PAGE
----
Equality, diversity and inclusion
In common with many organisations, in 2020 the School began to examine itself more intensively in response to the global Black Lives Matter movement and subsequent feedback and scrutiny from the wider Guildhall School community. As an institution, we recognise that we have not done enough to understand the lived experience of staff and students from underrepresented backgrounds. In order to better understand these experiences, we have been working closely with a range of specialists and organisations with lived experience and expertise, to ensure our School becomes an actively anti-discriminatory, anti-racist and inclusive organisation.
The School has agreed five Equality Objectives:
- Demonstrate our equality, diversity and inclusion commitment
- Create an inclusive culture where everyone can thrive
- Contextualise the library, curriculum/repertoire, and pedagogy
- Attract under-represented student groups
- Attract, select and retain a diverse workforce
Our new Equality, Diversity and Inclusion Committee is working on actions to support the delivery of these objectives, and will integrate them into a School-wide action plan spanning all of our faculties, and covering our broader School audience and equality groups. In the meantime, Advisory Groups have been put in place in each department to support and advise on issues that are specific to each area of our teaching (Music, Drama, Production Arts), recognising this is only the start of our journey in this area.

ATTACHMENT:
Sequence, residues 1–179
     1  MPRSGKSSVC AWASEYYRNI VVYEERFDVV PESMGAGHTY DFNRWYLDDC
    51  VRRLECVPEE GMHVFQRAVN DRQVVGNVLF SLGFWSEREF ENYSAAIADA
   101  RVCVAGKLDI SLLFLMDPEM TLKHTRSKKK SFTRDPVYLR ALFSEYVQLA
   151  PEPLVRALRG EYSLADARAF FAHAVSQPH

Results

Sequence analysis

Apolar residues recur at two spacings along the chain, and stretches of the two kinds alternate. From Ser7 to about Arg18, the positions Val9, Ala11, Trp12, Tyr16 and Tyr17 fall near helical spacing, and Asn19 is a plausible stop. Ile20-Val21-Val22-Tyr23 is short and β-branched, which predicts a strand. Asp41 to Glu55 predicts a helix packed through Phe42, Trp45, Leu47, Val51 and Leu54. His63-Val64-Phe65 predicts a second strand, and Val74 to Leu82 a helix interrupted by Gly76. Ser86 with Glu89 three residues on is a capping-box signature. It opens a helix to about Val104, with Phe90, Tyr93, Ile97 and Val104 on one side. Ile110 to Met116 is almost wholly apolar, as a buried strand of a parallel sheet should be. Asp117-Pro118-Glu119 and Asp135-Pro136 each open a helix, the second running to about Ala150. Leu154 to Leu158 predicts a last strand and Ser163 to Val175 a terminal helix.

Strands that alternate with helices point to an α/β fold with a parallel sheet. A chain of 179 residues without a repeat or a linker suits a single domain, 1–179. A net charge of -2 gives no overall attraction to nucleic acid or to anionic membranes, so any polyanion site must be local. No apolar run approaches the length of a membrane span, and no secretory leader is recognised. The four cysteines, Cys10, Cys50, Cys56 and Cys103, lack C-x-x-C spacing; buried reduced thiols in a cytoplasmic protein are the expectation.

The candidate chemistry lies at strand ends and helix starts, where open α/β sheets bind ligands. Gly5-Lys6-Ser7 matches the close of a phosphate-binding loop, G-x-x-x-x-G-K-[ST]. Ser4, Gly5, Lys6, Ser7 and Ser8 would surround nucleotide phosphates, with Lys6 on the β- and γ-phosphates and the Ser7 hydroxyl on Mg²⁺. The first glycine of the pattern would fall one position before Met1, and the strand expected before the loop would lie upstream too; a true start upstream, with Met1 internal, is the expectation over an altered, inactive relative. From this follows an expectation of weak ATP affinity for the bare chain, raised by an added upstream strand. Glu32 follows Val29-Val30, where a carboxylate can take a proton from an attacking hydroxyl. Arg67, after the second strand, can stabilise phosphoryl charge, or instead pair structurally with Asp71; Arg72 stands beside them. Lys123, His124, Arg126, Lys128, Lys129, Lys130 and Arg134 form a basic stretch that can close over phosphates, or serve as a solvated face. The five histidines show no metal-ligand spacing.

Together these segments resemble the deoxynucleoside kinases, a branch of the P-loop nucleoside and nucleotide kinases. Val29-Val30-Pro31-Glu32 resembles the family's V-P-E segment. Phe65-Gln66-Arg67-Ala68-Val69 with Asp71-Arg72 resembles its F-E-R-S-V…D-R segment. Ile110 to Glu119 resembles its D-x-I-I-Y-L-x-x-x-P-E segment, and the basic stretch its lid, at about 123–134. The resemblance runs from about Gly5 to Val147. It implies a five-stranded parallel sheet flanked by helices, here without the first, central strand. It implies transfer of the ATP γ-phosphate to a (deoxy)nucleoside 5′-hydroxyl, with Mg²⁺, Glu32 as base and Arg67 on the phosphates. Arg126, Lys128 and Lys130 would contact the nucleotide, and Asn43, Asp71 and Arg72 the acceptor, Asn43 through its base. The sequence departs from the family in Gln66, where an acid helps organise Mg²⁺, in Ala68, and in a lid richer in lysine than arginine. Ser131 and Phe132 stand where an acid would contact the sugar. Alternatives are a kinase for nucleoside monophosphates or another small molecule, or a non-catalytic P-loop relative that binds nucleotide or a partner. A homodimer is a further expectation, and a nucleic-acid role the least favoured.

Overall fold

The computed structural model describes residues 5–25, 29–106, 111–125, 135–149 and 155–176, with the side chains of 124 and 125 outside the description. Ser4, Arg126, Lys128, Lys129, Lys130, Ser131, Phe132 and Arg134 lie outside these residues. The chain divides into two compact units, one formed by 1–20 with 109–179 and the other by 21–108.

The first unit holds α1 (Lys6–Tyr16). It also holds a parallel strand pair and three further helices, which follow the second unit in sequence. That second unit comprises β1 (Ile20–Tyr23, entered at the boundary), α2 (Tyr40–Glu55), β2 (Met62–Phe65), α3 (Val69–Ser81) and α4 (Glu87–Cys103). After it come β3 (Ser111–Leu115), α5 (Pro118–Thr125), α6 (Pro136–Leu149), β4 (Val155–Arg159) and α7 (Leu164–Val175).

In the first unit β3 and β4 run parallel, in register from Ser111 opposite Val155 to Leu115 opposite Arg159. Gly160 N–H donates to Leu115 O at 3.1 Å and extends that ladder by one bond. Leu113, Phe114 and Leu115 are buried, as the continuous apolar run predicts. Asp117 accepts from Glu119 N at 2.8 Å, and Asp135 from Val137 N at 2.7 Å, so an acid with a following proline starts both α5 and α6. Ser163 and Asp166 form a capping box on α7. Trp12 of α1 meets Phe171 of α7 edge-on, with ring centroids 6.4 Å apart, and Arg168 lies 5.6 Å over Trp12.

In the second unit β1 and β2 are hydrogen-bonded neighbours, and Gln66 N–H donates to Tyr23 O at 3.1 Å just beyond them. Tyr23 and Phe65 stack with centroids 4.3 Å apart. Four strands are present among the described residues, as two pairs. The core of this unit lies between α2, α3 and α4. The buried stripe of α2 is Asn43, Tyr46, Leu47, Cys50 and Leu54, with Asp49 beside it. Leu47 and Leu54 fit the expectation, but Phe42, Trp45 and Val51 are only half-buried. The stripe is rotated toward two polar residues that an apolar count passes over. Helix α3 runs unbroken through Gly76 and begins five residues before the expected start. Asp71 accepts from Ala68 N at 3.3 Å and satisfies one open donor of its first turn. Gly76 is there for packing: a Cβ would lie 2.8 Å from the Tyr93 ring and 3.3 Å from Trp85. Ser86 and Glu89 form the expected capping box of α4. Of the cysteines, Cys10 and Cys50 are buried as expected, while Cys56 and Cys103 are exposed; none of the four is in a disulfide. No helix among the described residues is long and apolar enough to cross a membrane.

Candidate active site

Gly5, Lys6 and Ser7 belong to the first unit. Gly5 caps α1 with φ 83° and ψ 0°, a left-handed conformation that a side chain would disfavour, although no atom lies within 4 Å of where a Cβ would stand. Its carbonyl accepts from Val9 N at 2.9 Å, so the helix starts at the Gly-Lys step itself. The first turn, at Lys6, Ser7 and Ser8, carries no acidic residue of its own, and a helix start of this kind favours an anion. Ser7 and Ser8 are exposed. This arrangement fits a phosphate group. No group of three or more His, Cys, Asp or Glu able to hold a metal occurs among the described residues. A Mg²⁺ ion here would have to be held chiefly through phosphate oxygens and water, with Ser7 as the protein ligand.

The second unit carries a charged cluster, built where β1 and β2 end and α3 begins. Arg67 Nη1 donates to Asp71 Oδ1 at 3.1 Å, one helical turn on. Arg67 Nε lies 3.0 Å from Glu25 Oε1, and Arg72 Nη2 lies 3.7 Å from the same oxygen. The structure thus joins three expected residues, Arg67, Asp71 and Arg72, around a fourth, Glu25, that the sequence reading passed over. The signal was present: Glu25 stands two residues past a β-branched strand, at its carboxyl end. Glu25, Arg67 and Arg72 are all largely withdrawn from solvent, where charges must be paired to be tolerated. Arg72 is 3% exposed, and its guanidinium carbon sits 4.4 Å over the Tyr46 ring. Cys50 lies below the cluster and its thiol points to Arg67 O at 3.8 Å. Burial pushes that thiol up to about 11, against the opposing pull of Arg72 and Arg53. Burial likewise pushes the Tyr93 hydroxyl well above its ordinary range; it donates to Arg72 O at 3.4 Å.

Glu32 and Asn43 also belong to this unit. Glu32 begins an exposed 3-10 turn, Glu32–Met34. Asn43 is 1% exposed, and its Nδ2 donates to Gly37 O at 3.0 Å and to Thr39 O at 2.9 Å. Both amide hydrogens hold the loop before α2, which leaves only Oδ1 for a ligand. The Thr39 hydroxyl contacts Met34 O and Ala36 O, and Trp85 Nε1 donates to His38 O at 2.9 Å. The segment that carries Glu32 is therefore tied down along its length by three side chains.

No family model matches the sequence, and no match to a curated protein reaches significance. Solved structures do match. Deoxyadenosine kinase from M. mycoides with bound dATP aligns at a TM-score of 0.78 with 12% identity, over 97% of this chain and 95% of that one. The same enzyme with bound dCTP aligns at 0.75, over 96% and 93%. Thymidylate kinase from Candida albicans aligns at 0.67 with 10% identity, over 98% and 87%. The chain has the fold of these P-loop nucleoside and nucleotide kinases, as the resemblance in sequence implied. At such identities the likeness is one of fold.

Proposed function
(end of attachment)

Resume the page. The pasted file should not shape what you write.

The School is also in the process of recruiting a Head of Equality, Diversity & Inclusion to our senior leadership team. This role will be responsible for managing the Equality, Diversity & Inclusion programme and the delivery of the equality objectives, and will chair the Equality, Diversity & Inclusion Committee.
You can find details of the work currently being undertaken in each of our departments here:
In Drama, a significant amount of work is underway under the leadership of Vice-Principal & Director of Drama Orla O’Loughlin, who was appointed in 2019 with a mandate for change.
In September 2020, the Acting staff began a comprehensive and ongoing process of training. This training included an Introduction to Equality, Diversity and Inclusion; Unconscious Bias; Creating Inclusive Environments; Safeguarding; Creating Safe Spaces.
It also included training specifically in anti-racist practice. Led by a team of experienced practitioners, white staff members engaged in training on Anti-Racist Practice; Interpersonal Racism and Systemic Racism. At the same time, the team of practitioners facilitated sessions exclusively for Black and Asian staff members.
In 2021, the department established a partnership with the award-winning School of Sexuality Education to deliver a bespoke programme of training about consent, sexual violence and bystander intervention. The training, for staff and students, was evidence-based, trauma-informed, trans-inclusive and intersectional.
Reflection and Accountability
Underpinning this training, teaching staff within the Acting department have, since June 2020, been engaged in a sustained programme of reflective sessions entitled ‘Interrogating Power, Privilege and Position: a Faculty Reflective Practice Team Development (RPTD) group’.